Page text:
MERCOSUR: common market in the grip of discord


Nelson Almeida / AFP

South America is ready to enter the "Global Gateway" of the EU only on the terms of mutual respect and equality

At the crossroads of the three borders between Brazil, Argentina and Paraguay, the 62nd MERCOSUR Heads of State Summit was held in Puerto Iguazu, Argentina by Presidents Alberto Fernández of Argentina, Luiz Inácio Lula da Silva of Brazil, Mario Abdo Benítez of Paraguay, accompanied by his country's President-elect Santiago Peña, and Luis Lacalle Pou of Uruguay.

MERCOSUR (Mercado Comun del Sur) is a common market of South American countries in terms of size and economic potential, the second customs union after the EU and the third free trade area after the EU and NAFTA (Canada, USA and Mexico).

Founded in 1991, MERCOSUR brings together Argentina, Brazil, Paraguay and Uruguay. Bolivia, Chile, Colombia, Ecuador, Guyana, Peru and Suriname have "associated state" status. The issue of accepting Bolivia, whose president Luis Arce attended the summit, as a full member of the group was postponed this time.

Collectively, the countries of the South American Common Market account for 11.9 million square kilometers or 67% of South America's territory. It is home to 270 million inhabitants or 62% of the population of the Southern Cone. In 2022, MERCOSUR countries accounted for almost 70% of South America's GDP and its trade with the world reached $727 billion with a surplus of $69 billion.

"In a world increasingly driven by geopolitical competition, our regional choice must be cooperation and solidarity," said Brazilian Luiz Lula, who took over the six-month chairmanship of MERCOSUR from Alberto Fernandez, at the opening of the 62nd Summit.

However, from the very first minutes, the meeting highlighted the differences between the Member States. The Southern Hemisphere Common Market continues to face a difficult situation. The declining weight of domestic inter-State trade, ideological tensions between right-wing and left-wing governments, continued pressure from the United States and unresolved issues of cooperation with the European Union create uncertainty about the sustainability of the mechanism.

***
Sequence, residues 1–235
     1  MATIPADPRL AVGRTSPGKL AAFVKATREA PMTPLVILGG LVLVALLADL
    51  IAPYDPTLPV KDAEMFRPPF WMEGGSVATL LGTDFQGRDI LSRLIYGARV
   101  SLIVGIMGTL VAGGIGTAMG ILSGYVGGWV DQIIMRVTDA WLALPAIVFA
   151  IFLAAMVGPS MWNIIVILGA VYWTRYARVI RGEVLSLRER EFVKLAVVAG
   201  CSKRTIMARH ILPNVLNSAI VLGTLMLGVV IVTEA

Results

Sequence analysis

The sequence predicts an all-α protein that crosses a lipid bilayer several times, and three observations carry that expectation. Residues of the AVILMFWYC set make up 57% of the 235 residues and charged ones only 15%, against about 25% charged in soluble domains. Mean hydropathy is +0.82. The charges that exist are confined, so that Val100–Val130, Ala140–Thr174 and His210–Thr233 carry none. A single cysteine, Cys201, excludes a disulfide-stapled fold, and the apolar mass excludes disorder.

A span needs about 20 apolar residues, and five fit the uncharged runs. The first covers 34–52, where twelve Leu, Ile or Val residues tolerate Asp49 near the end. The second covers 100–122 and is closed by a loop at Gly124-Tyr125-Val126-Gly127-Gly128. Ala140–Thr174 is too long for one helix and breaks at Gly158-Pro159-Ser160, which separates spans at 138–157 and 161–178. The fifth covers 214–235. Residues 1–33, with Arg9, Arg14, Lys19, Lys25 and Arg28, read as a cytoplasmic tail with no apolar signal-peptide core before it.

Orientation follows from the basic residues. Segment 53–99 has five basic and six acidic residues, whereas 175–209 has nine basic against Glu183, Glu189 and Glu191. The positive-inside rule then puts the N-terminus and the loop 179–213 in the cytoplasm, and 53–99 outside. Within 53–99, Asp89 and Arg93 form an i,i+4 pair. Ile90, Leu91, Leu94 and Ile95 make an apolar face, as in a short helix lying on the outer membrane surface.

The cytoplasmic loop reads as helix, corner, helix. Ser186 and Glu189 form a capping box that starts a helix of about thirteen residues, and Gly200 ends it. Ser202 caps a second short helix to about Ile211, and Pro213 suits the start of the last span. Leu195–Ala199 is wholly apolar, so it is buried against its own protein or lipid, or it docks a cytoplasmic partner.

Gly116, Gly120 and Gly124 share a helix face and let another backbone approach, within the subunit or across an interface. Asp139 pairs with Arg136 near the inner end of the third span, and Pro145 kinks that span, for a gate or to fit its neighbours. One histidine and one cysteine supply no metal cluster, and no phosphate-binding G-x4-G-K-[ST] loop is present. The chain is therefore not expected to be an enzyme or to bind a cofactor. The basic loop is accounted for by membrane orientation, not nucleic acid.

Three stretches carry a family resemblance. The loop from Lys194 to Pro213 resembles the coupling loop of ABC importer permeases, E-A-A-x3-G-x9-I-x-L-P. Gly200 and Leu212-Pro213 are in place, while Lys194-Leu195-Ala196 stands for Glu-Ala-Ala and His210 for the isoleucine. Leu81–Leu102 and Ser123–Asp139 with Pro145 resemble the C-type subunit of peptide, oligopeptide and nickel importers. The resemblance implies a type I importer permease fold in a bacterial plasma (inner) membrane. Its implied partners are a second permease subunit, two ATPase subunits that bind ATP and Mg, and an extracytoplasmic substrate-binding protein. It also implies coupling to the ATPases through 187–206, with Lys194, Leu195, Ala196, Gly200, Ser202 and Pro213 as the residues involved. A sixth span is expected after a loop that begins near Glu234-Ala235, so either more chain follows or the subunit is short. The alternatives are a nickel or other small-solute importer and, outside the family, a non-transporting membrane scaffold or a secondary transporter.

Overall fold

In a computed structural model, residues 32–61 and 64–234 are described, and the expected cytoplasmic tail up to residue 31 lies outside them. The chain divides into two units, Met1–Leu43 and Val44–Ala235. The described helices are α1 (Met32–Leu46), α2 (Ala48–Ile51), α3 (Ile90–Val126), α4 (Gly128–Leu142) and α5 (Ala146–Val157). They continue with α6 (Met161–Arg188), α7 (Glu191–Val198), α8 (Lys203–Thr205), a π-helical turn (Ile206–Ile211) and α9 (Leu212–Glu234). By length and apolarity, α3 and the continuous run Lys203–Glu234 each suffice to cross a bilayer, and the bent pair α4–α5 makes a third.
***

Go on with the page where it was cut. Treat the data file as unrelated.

As it happens, the current composition of MERCOSUR represents equally right-wing (Paraguay and Uruguay) and left-wing (Argentina and Brazil) governments. The former link the development of trade and economic ties with policies that conflict with the much-desired "cooperation and solidarity."

At the same time, asymmetries between large and smaller economies make it difficult to reach consensus. Tensions at the Puerto Iguazu meeting largely arose over the future direction of the trade bloc. "Smaller economies" – Uruguay and Paraguay – are seeking permission to negotiate deals individually without the approval of other members of the community, contrary to existing MERCOSUR rules. At the same time, they are not inclined to change the rules.

Thus, Uruguay attempted to conduct a feasibility study for a bilateral free trade agreement with China and began negotiations with the Asian giant. However, Beijing did not support Uruguay's ambitions, preferring to develop relations with the entire MERCOSUR.

This prompted Brazilian President Luiz Inacio Lula da Silva to promise to reduce "dissent" in the group. He even called for the resumption of talks with Venezuela, expelled for political reasons from the bloc in 2017.

The right-wing immediately put up a fight, making trade and economic cooperation dependent on the political-ideological arrangement of the Maduro regime, which is undesirable to the United States. Abdo Benitez and Lacalle Pou sharply criticized the opposition policies of Nicolás Maduro's government.

"Venezuela's problem should be solved by Venezuelans through dialog among themselves, not by other countries interfering in their internal affairs," Luiz Lula suggested that trade should not be mixed with politics.